Lack of ego A standout American player on national teams of seven and 15 players, O’Brien also completed on the Merivale Papanui team in New Zealand — where rugby is the national sport. He deflects questions about his past achievements with “I don’t remember” or “It was a long time ago.” But others are happy to give details.
“He was in the top seven in the country, in the top 15,” Haggerty says. “He played at the top of the game.”
Everett, who played with O’Brien on the Old Blues, remembers his speed and ferocious tackles. “As a teammate, you could always count on him. You knew he wasn’t going to shortchange his efforts.”
Jim Keating ’59, who was on the first rugby team at Saint Mary’s when it was re-established in 1956, calls O’Brien “exceptional.”
“I’ve witnessed a miracle. The miracle is that O’Brien is an Irishman with great humility. He’s modest,” Keating says.
O’Brien brings in other coaches to give input on techniques and to “audit” how they’re playing, and he’s taken the team on spring trips to Ireland, where they’ve played the highly respected Trinity College rugby team, and to other countries, including Argentina and Uruguay in 2008.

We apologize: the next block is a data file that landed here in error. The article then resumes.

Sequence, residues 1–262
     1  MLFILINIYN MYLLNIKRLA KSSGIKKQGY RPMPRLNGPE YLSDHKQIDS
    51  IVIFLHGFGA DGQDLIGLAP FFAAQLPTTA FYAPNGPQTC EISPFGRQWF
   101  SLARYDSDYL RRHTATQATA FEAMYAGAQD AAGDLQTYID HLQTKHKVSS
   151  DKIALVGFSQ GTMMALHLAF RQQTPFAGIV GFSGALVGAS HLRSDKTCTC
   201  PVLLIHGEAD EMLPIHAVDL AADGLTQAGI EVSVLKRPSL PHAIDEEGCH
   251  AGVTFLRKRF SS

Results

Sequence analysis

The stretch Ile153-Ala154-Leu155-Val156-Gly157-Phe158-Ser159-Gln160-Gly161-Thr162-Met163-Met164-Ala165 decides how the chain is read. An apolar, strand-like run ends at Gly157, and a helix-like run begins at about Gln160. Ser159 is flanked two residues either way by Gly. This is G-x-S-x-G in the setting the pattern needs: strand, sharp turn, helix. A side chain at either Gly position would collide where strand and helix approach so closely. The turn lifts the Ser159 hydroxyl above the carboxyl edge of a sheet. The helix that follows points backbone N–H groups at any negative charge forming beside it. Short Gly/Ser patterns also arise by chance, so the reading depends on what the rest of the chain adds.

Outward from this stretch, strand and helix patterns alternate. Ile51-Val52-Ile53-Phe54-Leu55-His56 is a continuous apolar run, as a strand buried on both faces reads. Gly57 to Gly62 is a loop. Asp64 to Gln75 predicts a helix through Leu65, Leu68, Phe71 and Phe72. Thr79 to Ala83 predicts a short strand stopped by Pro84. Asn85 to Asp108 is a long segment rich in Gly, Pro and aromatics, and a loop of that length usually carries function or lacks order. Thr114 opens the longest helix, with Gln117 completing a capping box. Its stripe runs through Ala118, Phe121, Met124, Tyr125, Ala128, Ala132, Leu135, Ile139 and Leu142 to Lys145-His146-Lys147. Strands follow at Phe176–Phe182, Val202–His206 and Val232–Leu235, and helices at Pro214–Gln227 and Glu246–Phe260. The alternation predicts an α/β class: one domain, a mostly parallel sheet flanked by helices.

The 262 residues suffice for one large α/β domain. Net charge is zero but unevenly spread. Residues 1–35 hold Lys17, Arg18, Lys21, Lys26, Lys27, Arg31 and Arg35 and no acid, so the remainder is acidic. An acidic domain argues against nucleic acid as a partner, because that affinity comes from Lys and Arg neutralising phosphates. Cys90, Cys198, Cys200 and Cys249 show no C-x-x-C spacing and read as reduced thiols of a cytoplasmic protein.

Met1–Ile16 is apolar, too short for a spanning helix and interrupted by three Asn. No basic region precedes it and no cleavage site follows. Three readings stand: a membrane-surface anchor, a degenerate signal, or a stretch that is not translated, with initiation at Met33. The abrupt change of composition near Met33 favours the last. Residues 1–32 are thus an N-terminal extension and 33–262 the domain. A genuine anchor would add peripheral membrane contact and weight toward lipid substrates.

Close to alumni O’Brien has a rabid following among Saint Mary’s rugby alumni, who praise him for his dedication and the team’s successes.
“I never thought I’d get this involved at age 70 watching kids push each other around,” Keating says. “I’m hooked on him.”
Gerald Murphy ’72 watched O’Brien play until around 1990 and then lost touch with him until he started coaching at SMC in 2001. He said O’Brien and Everett “are able to impart their skills and knowledge better than anyone I’ve ever seen.”
Murphy helped raise money for the Pat Vincent Rugby Field, which received major funding from Everett’s family, and says the fact that O’Brien and Everett coach for free and put their own money into the team is appreciated by alumni.
O’Brien also sends out e-mail accounts of games to alumni to keep them up-to-date on a sport that doesn’t get press coverage.
“He’s so committed to what he’s doing,” says Bob Schnetz ’60, the team’s “sportswriter” who forwards the e-mails, along with his own game stories, to fans. “He’s a real technician of the game and a disciplined person who’s seeking perfection.”
Schnetz, who proudly wears his College rugby club patch on a jacket, says O’Brien “never fails to thank us personally for coming. He’s very gracious. You can talk to him during the game. I introduce everybody to him.”
O’Brien characteristically waves off the kudos.
“We’re here by accident,” he says. “Saint Mary’s has a phenomenal history of rugby, and we just tweaked it.”
If you would like to support men’s rugby, contact Mark Chiarucci at (925) 631-4168.